Star forts, also called bastion forts, originated in Italy during the late 15th and early 16th centuries, during the French invasion of the Italian peninsula. This style enabled the construction of lower, thicker walls in the shape of a polygon. The angles of the bastion walls eliminated the so-called “dead zones” making cannonballs less likely to hit the target.

Medieval forts tried to modify their structures into star forts. Walls and towers were lowered and infilled with earth to strengthen the structures. The issue was that new bastion forts were built of brick. Whereas most types of rock shattered when hit, bricks were able to absorb the shock of artillery fire. Medieval forts were unable to compare.

Palmanova today still remains very similar to when it was constructed.
Palmanova today still remains very similar to when it was constructed. IlirikIlirik, CC0, via Wikimedia Commons

Many of the wealthier Italian states commissioned architects to design and build star forts to defend their regions. The most famous of these architects, Vincenzo Scamozzi from the Republic of Venice, was commissioned to design the fortified town of Palmanova. This northeastern Italian city still represents a prime example of this fortification. Meanwhile, Michelangelo was appointed Governor-General of Fortifications in Florence. He designed defense systems that successfully withstood an eleven-month siege. The design that created the ideal defense structure was central to Renaissance cities from 1530 onwards. Besides start forts, Italy has numerous regular castles built in the middle ages.

Gothic Architecture: Tales of Ghosts and Ghouls

During the late 1700s, authors took advantage of public fascination with legends of bizarre happenings in secret rooms and passages in now-antiquated medieval gothic castles. They built on imagery created by stories of castles once filled with laughter and music, now haunted by ghosts and ghouls from the past.

Surely, these mysterious castles with pointed towers and rose-tinted windows were filled with dark spooky secrets? Whether through suicide from a romance gone wrong, murder in dark passages, or vampires who could make you immortal through one bloodsucking bite, mysterious paranormal sightings were used, abused, or simply created off the cuff.

Hunyad Castle, a perfect example of Gothic architecture.
Hunyad Castle, a perfect example of Gothic architecture. Todor Bozhinov, CC BY-SA 4.0, via Wikimedia Commons

Hunyadi Castle aka Corvin Castle in Romania is still rumored to have held Vlad the Impaler III prisoner in the dungeons under the Knights’ Hall. He survived by eating rats that came through holes in the castle walls. This captivity and starvation drove him to insanity, he became the inspiration for the blood-sucking monster we are regaled within later legends of Count Dracula.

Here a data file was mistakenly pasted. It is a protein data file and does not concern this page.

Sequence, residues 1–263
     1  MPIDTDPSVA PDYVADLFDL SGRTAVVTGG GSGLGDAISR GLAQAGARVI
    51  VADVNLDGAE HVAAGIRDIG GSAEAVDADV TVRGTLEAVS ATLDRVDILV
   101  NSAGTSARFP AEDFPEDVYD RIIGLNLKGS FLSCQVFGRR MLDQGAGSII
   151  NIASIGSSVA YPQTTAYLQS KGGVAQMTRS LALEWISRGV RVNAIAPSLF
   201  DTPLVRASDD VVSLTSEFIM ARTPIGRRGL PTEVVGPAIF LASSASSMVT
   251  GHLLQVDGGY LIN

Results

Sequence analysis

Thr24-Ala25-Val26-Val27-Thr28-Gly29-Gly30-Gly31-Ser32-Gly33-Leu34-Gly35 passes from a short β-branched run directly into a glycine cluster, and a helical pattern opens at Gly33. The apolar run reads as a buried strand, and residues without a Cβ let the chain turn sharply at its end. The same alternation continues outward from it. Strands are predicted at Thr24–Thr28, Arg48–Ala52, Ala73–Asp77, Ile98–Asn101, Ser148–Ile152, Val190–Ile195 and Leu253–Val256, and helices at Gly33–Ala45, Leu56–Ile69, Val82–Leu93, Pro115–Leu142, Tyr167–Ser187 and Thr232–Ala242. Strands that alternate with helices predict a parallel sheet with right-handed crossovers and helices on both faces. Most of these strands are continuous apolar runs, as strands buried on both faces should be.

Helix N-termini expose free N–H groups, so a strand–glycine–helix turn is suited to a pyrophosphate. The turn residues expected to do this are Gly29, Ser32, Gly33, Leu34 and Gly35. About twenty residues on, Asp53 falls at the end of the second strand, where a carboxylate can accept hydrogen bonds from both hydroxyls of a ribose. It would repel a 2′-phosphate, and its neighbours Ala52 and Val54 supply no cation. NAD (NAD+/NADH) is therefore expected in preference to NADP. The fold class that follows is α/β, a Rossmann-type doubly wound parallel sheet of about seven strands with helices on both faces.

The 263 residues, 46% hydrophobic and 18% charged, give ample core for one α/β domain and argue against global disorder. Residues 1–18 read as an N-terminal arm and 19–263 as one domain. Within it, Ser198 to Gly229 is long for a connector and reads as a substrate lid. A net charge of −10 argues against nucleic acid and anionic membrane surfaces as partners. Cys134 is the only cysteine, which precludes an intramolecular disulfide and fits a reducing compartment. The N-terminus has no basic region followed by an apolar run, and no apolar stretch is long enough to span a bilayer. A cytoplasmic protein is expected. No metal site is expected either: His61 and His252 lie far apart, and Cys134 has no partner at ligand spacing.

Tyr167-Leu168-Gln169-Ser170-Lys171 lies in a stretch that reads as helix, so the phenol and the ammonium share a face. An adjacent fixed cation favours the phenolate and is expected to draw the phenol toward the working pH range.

Society became enamored with these stories of haunted castles filled with fearful unseen creatures, secret rooms, and passages that held the reader captive waiting for the ghosts to appear. These Gothic novels of horror fiction have captivated readers since the 19th century–we are still enthralled by the stories of Dracula and Frankenstein, are we not?

Modern Fantasy Castles

Modern castles were built by eccentric kings such as Ludwig II of Bavaria. He built fabulous structures that glorified his reign and unique taste for the extravagant and beautiful. He was also known as the Swan King, the Dream King, the Moon King, or the Fairytale King. 

The fantastic fairytale castle at Neuschwanstein was built as the pinnacle of his reign of marvelous achievements. This beautiful palace with ornate architecture was built to honor the composer Richard Wagner. It was used for music, lavish balls, and garden parties. Extravagant hunting parties were held for nobles and royalty. Visitors had their pick from Ludwig’s magnificent stables of purebred Arabian horses. 

King Ludwig II, the Swan King, built Neuschwanstein Castle as his fantasy castle.
King Ludwig II, the Swan King, built Neuschwanstein Castle as his fantasy castle. Softeis, CC BY-SA 3.0, via Wikimedia Commons

Finally…

Castle design and architecture have changed over centuries to accommodate political, social, cultural, and technological changes throughout the world. Originally, castles were constructed from materials local to the building site. Eventually, the castles became things of might that took in resources from lands beyond their own. They were always developing into something new and thrilling to behold.

The architecture and design of castles have been extensively studied over the past century. Scholars have noted that designs depend primarily on the use of that specific castle. Some castles were built specifically for military purposes, for example, to protect a nobleman’s land from invaders. These castles focused mainly on defense systems, such as the towers, curtain walls, and access points.

Castles that were designed to show off prestige focused on other elements such as the gatehouse, ballrooms, and gardens. These castles, or rather palaces, were used to host lavish festivals and celebrations to show off the noble or royal status amid the elaborate architecture and decorations.

Medieval castles remain a subject of fascination today and people love to picture the fabulous lives of the residents that lived in these magnificent places, or… do they conjure up visions of vampires, ghosts, and ghouls?

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Jeanne Gleimius
Jeanne Gleimius
After completing a Bachelors in Public Relations and Communications and ranking first in Journalism, I packed my bags and became a world traveler. Visiting castles and forts across the world including Chichen Itza in the Yucutan, Naval Forts on the Caribbean Islands, European palaces like Versailles, castles in Lichtenstein, Austria, Croatia, Luxembourg, and Greece, I didn’t realize that I would one day achieve my dream of becoming a writer. The most amazing fact of all, is now I can write about what I love.